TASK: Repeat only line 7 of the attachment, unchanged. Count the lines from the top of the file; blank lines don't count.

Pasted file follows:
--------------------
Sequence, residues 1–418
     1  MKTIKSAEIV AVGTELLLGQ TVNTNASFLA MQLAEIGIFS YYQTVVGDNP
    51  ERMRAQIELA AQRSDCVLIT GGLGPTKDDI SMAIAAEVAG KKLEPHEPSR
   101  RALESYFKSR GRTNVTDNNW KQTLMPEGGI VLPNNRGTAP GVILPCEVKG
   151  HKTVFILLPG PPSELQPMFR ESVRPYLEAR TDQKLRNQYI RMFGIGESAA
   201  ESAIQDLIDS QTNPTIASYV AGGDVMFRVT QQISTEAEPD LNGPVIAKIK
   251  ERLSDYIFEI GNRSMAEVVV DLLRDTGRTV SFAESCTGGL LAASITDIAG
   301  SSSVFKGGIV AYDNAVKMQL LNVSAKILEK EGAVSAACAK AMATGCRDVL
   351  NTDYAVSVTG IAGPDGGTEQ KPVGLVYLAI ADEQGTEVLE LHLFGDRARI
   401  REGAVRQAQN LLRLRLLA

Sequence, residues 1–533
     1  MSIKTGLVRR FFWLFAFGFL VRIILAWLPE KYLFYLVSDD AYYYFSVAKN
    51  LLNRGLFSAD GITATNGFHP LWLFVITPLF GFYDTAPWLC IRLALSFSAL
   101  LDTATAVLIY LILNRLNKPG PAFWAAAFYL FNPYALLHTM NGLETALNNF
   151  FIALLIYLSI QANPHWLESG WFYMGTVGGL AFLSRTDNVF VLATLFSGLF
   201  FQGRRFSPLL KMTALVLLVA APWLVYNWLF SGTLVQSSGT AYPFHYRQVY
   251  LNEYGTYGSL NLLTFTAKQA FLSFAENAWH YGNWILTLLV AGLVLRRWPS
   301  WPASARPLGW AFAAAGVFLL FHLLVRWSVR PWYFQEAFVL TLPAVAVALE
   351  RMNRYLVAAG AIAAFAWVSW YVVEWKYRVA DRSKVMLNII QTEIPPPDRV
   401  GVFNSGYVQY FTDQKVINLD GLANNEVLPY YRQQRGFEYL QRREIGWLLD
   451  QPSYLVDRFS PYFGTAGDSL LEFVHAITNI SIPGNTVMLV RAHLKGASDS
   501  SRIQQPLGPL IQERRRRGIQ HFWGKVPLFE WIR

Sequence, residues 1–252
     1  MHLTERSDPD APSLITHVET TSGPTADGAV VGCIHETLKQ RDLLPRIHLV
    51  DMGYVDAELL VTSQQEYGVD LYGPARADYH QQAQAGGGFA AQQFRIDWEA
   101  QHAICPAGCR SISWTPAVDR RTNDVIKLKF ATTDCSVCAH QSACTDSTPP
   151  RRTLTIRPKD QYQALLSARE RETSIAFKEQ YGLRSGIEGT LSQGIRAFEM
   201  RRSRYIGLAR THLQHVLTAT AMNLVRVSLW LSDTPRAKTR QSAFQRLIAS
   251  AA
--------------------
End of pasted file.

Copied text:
   251  ERLSDYIFEI GNRSMAEVVV DLLRDTGRTV SFAESCTGGL LAASITDIAG